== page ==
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Almost Everybody Is Wrong About Incandescent Bulbs

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  activism critique environment health policy

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Earlier this week, the New York Times ran its latest attack article vilifying incandescent light bulbs.

The article states objective facts which are long known to be true: incandescent bulbs are highly inefficient and have a relatively short life span. Seizing on the fact that incandescent bulbs are supposedly more readily availble in poorer areas, the author then goes on a crusade against the technology, blaming the Trump administration's blocking of a ban on incandescents, which is ironic, because that's probably one of its few environmental accomplishments on record.

Despite what the left has been claiming for years, incandescent bulbs aren't evil, and LED bulbs aren't environmentally friendly. It bears worth mentioning some specific aspects of artificial lighting and its history to revisit why.

Planned Obsolescence

Despite all the bad press coverage that incandescent bulbs receive, the idea of improving these bulbs — and/or the way they're used — as opposed to completely discounting them is something that is simply not discussed at all. Planned obsolescence, which is everywhere today, essentially originated with modifications to incandescent bulbs in the early 1900s. Incandescent bulbs aren't inherently evil, but artificially shortened lifespans certainly are and exacerbate environmental harms.

So undoing planned obsolesence is certainly part of the solution, but I don't hear anyone decrying incandescent bulbs suggesting that as an improvement.

Most incandescent bulbs today are 60 watts at 120 volts AC. A secret that some people have picked up on is buying 130V bulbs, and running them off 120V. This means the bulbs operate at a lower voltage than they are actually rated for, which means they're slightly dimmer than they could be. In practice, the difference is hardly noticeable, but this can significantly increase the lifespan of these bulbs. (It's worth mentioning that, although dimmers also reduce consumption and prolong lifespans, they cause huge amounts of dirty electricity. Given that many people using incandescent bulbs today do so for health and well-being reasons, using a dimmer most likely negates the effects and counters the goal.)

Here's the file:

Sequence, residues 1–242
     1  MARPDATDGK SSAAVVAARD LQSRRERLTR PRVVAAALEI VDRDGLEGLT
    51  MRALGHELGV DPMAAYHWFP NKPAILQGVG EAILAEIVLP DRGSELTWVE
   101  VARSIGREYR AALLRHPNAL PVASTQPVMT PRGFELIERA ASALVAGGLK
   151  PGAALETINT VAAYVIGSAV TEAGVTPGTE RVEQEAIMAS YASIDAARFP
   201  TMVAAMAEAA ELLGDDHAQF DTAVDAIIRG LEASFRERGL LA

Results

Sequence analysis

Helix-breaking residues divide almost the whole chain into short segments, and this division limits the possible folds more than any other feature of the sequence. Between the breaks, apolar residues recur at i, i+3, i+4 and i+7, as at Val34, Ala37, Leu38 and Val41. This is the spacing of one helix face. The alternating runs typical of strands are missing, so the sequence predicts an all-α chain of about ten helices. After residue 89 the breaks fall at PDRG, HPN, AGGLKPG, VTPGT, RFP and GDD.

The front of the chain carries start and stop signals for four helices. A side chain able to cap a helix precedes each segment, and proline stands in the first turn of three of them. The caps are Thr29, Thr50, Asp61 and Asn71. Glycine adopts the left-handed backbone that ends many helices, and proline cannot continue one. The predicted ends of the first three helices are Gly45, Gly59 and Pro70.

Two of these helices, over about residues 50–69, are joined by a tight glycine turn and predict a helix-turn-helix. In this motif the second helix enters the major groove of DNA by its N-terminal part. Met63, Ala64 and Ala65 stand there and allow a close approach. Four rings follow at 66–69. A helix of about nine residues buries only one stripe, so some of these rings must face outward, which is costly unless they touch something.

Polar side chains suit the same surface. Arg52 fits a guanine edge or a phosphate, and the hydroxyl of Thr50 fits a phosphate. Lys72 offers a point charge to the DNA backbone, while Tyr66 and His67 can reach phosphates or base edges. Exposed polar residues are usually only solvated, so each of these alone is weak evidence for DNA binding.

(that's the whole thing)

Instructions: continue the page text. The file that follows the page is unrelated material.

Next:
Lighting Consumption

Inefficient isn't always evil. Mainstream environmentalists would argue they are, but this is a surface-level analysis that rarely captures all the details. The real problem is not that incandescent bulbs are inefficient; it's how much modern industrial society has come to rely on artificial lighting, and just how much it uses.

Those who've driven around streets in the suburbs at night before can probably visualize a familiar scene: passing endless stores, schools, and other venues which are all closed. What do most of them have in common? They all have their lights on.

Likewise, some of the same people who criticize incandescent bulbs for their inefficiency sleep in on weekends and waste half a day's worth of natural sunlight, then burn the midnight light bulbs when it's dark out. Why are we not calling for the obvious: a massive decrease in the consumption (often wasteful and unnecessary consumption) of artificial lighting? The hypocrisy would be funny if it didn't have such damning real-world consequences.

It doesn't have to be this way. I typically wake up before sunrise, and as a result, I use far less artificial lighting than most Americans do. Incandescent bulbs typically last me years, simply because I use so little artificial lighting to begin with. Toxic technology is not the answer. Reducing consumption is.